I have a new novel out, and this one has a bunch of intriguing things about it. Intriguing to me, anyway.
First, it’s a fantasy, which I don’t often write. That said, there are no wizards or magic or dragons, no vast armies of conquest, no hero smiting demons with a terrible swift sword. This novel grows out of my younger self’s love of Mervyn Peake’s Gormenghast series (I even shamelessly bastardized the name).
My style is very different from Peake’s. Well, of course, writing has changed over the years, and while Peake wrote some wonderful books, they are a product of their period. I like to think I’ve captured something of their essence in my own world.
Secondly, I wrote the novel while traveling. In April and May of 2017 we had a fabulous voyage to Santiago, Easter Island, the Atacama Desert, Quito and the Galapagos Islands. Almost six weeks away.
I wrote every day. Usually stolen moments in the evenings, at kitchen tables, or in dining rooms. Once or twice in noisy cafes.
The trip was awesome. But it was cool to maintain that writing momentum throughout. Especially with the focus on a project. I suppose elements of South American culture and lifestyle may well be wrapped up somewhere in the book.
Thirdly, or perhaps this should be my first item, I wrote the novel on a phone. We traveled light. Carry-on luggage only. Taking a laptop, with a bulky charger, would have been a nuisance. I discovered the cool little Rapoo bluetooth keyboard. I bought the Docs2go app, which allowed me to format the document nicely as I went, and also to track my word count.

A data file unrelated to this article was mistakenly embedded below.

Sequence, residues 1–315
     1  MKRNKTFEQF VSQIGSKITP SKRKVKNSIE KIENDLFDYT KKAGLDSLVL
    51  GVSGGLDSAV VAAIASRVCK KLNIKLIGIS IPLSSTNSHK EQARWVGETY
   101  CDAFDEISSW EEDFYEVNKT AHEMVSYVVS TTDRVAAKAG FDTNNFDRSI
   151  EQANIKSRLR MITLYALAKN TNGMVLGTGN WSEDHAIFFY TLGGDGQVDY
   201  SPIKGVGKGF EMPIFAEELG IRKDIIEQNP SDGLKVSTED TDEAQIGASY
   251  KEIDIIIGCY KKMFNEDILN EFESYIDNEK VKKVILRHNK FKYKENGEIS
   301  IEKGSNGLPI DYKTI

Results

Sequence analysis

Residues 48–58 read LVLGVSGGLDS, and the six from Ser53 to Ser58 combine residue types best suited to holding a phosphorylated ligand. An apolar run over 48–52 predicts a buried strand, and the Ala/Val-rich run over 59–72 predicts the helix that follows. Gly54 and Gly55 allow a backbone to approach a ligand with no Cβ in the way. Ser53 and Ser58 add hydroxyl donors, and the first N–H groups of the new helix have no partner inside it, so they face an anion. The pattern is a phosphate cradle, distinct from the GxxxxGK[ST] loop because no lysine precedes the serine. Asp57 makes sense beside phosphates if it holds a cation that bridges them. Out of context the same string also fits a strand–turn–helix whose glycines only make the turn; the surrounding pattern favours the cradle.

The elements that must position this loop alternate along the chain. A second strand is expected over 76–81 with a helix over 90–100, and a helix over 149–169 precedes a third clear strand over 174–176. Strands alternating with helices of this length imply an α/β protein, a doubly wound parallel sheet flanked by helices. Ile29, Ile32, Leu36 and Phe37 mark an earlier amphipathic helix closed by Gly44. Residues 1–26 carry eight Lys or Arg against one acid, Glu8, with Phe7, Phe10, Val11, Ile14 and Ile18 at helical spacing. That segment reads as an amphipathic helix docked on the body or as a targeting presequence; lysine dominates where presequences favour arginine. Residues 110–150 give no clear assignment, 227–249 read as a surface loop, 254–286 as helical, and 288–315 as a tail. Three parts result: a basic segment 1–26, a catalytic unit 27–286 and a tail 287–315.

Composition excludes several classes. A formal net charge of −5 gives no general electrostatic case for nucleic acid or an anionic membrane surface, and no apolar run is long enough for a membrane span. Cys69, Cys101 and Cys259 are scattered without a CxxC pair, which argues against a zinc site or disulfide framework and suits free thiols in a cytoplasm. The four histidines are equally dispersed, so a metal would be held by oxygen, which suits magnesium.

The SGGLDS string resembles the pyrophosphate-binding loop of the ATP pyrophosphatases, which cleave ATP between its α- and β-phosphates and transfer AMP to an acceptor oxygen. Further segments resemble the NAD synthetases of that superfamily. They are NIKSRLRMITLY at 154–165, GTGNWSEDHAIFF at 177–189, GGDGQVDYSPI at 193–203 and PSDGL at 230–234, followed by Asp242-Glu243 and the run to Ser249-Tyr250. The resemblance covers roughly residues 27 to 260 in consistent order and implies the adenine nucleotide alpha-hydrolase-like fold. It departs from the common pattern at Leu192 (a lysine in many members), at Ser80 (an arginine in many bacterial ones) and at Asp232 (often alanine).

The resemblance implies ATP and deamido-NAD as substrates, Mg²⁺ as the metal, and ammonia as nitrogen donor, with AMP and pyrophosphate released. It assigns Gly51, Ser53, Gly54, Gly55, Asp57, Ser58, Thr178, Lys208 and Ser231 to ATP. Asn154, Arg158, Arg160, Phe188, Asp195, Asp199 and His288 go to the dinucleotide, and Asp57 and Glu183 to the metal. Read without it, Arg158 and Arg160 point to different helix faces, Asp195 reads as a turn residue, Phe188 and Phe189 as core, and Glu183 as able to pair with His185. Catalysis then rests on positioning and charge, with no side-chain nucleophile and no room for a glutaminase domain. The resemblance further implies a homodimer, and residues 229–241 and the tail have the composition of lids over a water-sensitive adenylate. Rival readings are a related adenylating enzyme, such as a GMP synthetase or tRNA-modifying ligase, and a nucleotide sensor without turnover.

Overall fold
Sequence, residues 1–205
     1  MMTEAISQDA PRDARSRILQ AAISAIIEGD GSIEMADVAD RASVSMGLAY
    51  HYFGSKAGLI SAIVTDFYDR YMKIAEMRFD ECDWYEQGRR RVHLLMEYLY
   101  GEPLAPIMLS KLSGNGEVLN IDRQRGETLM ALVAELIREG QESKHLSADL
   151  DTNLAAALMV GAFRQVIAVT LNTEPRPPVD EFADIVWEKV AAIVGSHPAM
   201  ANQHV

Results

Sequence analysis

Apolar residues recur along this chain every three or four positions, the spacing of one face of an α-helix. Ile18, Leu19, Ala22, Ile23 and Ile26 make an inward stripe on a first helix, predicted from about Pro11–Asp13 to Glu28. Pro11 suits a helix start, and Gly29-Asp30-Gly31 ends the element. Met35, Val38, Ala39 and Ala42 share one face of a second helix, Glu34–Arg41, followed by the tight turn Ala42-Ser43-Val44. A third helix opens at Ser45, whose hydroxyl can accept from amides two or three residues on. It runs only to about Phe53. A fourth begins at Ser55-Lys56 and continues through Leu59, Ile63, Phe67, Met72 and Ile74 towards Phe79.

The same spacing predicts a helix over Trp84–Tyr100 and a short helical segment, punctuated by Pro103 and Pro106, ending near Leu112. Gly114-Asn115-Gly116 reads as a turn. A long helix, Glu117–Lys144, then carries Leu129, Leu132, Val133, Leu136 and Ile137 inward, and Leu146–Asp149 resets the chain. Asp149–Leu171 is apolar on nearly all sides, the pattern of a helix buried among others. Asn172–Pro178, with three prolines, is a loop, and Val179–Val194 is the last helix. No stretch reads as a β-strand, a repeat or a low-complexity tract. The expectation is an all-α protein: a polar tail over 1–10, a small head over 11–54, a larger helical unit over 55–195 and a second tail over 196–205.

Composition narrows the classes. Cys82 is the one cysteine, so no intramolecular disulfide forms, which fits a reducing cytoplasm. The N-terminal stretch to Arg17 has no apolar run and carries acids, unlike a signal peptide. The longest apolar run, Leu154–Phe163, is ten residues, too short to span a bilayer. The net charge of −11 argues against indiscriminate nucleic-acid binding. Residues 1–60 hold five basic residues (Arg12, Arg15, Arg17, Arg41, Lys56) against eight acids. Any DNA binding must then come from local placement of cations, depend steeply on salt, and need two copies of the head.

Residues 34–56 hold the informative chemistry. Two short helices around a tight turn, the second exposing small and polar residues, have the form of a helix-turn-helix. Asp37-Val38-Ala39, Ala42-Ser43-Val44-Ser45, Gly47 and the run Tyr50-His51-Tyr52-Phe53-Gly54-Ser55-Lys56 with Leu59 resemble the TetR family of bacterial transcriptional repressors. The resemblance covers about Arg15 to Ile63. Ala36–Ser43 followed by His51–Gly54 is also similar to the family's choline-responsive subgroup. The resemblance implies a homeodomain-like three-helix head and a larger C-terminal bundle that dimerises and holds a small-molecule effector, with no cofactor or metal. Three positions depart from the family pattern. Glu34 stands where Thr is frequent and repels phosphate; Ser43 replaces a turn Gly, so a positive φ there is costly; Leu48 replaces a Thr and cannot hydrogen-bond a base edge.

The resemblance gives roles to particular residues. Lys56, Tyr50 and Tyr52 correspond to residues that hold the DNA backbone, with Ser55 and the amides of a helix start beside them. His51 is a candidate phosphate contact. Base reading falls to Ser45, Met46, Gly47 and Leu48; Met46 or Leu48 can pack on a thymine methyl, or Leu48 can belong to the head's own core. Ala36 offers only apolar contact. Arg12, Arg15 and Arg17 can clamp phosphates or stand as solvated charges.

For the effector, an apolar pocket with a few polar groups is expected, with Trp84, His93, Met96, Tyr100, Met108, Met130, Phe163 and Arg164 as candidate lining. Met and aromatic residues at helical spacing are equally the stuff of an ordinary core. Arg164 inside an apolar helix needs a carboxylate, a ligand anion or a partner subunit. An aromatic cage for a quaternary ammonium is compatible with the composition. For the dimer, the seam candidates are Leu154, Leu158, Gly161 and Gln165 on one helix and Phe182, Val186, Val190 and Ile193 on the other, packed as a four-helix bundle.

I designed and 3D-printed a stand for the phone. I bought a travel wallet, one intended for money and cards and documents, and used that to create a neat little package for the keyboard, stand and phone so they could all just drop into my backpack easily.
All of those elements make The Map Maker of Morgenfeld perhaps my most unusual novel so far. I’m sure that traveling influenced the writing. I’m sure that the restriction of the phone influenced the writing.
I hope it all worked out into a readable, enjoyable book.
The cover illustration is near-perfect for me anyway. By Grandfailure | Dreamstime. It really shows the clutter and maze of Morgenfeld better than I’d pictured it.